The Women’s College Advantage:  

“We may be in the board room, but the CEO won’t get off his cell phone to hear our presentation.”*

To women readers, I hope you have not faced discrimination or intimidation from men, but, let’s face it;  it still goes on.

When universities first began in North America, women simply were not admitted to the elite colleges, including the Ivy League.   By the mid-1800’s, women began demanding a good education, and some men supported them.  “The plan and policy of this school recognizes the principle that in the present state of society in our country young women require the same thorough and rigid training as that afforded to young men,” wrote all-women’s Hollins University founder Charles Cocke in 1857.

Co-education was not yet the norm, and the history of women’s colleges is, indeed, a noble one.  Most think first of the Seven Sisters colleges, and although they were not consistently the first US colleges granting bachelor’s degrees to women, all were founded between 1837 and 1889, seeking to achieve the same Ivy League liberal arts education (think arts and sciences, or general education) as men.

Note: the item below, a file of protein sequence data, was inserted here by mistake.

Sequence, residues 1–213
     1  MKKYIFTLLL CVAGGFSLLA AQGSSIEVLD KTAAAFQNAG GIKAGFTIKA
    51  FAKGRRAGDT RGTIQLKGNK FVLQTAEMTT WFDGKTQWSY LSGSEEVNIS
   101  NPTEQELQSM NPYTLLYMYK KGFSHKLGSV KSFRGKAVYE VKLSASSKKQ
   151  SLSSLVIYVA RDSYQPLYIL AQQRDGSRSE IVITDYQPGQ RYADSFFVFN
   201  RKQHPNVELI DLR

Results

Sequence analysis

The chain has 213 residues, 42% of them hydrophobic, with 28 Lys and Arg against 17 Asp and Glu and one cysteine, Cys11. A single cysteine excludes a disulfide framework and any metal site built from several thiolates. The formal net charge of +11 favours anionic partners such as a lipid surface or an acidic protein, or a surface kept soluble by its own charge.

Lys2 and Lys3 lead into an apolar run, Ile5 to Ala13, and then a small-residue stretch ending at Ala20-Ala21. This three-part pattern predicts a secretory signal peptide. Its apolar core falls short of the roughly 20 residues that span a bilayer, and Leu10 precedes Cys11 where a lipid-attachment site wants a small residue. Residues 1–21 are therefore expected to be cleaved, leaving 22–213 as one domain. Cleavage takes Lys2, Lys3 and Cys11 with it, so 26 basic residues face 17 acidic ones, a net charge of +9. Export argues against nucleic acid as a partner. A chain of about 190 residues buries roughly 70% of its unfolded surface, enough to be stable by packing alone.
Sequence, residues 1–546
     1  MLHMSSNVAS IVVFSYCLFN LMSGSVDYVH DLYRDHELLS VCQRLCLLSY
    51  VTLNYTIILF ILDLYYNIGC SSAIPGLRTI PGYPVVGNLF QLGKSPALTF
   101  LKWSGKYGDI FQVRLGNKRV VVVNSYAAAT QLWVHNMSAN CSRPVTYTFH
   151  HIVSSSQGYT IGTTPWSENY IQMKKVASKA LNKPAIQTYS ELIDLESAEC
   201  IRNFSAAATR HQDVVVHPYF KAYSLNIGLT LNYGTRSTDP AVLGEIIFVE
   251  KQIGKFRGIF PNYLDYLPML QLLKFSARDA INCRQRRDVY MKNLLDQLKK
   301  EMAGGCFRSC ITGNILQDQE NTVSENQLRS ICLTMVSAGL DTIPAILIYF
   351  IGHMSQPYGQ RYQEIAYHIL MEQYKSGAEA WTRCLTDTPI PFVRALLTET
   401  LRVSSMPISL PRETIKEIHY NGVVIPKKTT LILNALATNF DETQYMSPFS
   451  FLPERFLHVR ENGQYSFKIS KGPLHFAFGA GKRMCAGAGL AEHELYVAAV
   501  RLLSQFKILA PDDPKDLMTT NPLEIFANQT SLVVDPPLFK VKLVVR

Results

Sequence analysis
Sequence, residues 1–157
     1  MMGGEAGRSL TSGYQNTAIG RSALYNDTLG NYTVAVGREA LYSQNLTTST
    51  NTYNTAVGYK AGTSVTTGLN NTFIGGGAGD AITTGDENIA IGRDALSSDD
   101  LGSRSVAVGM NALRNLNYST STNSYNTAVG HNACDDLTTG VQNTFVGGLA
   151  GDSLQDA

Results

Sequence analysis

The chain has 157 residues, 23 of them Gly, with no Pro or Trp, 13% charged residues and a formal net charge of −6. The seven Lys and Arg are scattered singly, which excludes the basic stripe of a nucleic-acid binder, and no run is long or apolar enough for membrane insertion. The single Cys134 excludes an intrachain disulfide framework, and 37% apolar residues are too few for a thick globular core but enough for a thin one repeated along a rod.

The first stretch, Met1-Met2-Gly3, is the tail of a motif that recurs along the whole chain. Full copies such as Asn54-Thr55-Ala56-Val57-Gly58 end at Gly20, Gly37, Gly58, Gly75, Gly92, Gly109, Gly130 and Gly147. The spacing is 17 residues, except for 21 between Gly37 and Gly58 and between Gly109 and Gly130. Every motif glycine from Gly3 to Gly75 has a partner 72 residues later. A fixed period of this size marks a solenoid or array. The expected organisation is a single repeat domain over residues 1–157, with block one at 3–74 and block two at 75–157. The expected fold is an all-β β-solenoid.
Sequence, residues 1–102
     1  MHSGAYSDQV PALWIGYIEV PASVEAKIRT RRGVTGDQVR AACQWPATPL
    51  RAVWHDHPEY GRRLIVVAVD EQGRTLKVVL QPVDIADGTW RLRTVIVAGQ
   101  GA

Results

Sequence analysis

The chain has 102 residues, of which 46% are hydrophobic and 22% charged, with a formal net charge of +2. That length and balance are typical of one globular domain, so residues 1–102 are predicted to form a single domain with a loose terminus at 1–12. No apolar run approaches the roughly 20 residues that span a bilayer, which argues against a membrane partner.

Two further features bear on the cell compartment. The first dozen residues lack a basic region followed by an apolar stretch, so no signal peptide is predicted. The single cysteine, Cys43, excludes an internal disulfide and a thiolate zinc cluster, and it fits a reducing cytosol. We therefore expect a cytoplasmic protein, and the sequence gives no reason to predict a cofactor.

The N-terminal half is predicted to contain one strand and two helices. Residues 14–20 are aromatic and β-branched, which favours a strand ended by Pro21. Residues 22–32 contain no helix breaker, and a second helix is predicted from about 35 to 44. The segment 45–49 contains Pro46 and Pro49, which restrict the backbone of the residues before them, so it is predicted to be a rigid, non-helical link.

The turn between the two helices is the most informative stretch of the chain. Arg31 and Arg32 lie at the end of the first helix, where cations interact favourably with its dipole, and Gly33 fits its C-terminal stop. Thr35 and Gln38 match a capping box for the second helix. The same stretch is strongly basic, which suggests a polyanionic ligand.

1837:  Mount Holyoke really was one of the earliest, founded by chemist Mary Lyon as Mount Holyoke Seminary.  In the small town of South Hadley in central Massachusetts, Mt. H. is about 2 hours west of Boston, enrolls 2,300 undergraduate women, has one of the most beautiful college campuses, and continues to offer an equal-to-Ivy rigorous education, often attracting scholarly women interested in sciences and medicine.  Among many, noted alumnae include Elaine Chao, current U.S. Secretary of Transportation, and poet Emily Dickinson.  One parent, an M.D. herself, reminded me of Dr. Virginia Apgar, Class of 1929, who developed the test still in use for evaluating the health of newborns.

Nowadays, Mt. H. is part of the five-college consortium in the area that includes all-women Smith, the big state University of Massachusetts – Amherst, alternate-learning style Hampshire College, and elite formerly all-men Amherst College.  Women can take classes at any of the other colleges, and men from the other schools come to yours.